Week 11 April – 17 April 2016
The parliamentary Easter recess has, at long last, come to an end. So in a week where several prominent politicians published their tax returns, Vote Leave was designated the official campaign for leaving the EU, and Jeremy Corbyn made a reluctant pro-EU speech, what did James Heappey do?
Speeches and written questions
James Heappey hasn’t made a speech in Parliament since 8 March. Nor has he submitted any written questions. Nothing to see here, move along.
This week James Heappey voted once on 11 April and four times on 13 April. On 11 April Mr Heappey voted: for a second reading of the Finance Bill. On 13 April he voted: against a motion put forward by John McDonnell, the Shadow Chancellor, that the government, among other things, launch a public inquiry into the Panama Papers and commit more resources to HMRC; for amending an Opposition motion that ‘called on the Government to put on hold its plans’ to expand school accademisation to one that ‘welcomes the commitment to achieve educational excellence everywhere’; and for approving the Conduct of Employment Agencies and Employment Businesses (Amendment) Regulations 2016.
Energy and Climate Change Committee
On 12 April the committee met to hear evidence relating to their inquiry on low carbon network infrastructure. James Heappey asked 18 questions during the session. Among his questions were several to Maxine Frerk, Acting Senior Partner at the Networks department of Ofgem, about the potential for the government to set up an independent system operator – a replacement for the National Grid. Mr Heappey asked “If the Government were to create an independent system operator, would it be best for this to be directly under DECC (Department for Energy and Climate Change) control, or would you want to control it, or should it be an entirely separate public entity?” Ms Frerk replied that “if there were an ISO, we would expect it to be a licensed entity that we regulated in the same way as we regulate Grid.” The MP for Wells, unsatisfied with the answer, pushed for clarification on whether an ISO would be a completely stand alone entity. Mr Frerk stated that “if we were in the ISO world, to us that means we would want it to be independent of Government as well”, she added “It would just be separate from Grid rather than part of the Grid organisations.”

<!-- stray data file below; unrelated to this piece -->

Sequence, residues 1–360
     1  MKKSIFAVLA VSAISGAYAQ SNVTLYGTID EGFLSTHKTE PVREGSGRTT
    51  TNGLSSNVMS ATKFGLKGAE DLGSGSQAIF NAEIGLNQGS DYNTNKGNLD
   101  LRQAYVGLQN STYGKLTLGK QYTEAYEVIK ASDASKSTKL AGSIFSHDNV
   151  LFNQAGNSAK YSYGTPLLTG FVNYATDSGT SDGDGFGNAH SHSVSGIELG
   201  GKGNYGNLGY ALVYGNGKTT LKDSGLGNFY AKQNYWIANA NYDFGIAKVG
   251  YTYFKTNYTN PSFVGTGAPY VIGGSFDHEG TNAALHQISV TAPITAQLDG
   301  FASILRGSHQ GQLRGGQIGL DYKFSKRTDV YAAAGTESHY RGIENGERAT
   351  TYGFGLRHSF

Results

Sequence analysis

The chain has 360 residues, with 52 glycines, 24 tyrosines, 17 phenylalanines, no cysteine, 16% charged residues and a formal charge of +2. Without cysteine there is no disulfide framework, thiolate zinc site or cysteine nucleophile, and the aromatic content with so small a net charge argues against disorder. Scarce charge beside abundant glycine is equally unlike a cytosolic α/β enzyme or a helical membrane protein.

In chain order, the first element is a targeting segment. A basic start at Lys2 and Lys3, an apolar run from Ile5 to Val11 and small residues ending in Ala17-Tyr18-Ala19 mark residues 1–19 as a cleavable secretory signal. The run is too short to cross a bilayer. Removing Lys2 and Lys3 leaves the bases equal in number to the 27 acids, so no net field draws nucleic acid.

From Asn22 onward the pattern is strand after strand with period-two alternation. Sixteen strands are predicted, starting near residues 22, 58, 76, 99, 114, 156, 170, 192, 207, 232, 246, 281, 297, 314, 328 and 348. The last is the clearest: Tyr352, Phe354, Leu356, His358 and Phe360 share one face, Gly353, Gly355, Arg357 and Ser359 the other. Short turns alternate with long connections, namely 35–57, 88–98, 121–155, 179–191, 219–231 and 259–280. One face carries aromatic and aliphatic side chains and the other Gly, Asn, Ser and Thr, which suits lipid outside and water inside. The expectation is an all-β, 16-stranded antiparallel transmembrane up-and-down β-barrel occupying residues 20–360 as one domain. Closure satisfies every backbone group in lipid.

The Independent Parliamentary Standards Authority has still yet to publish any expenses data later that November 2015. The IPSA website says that they will publish data for MPs’ expenses for December 2015 and January 2016 at some point in May.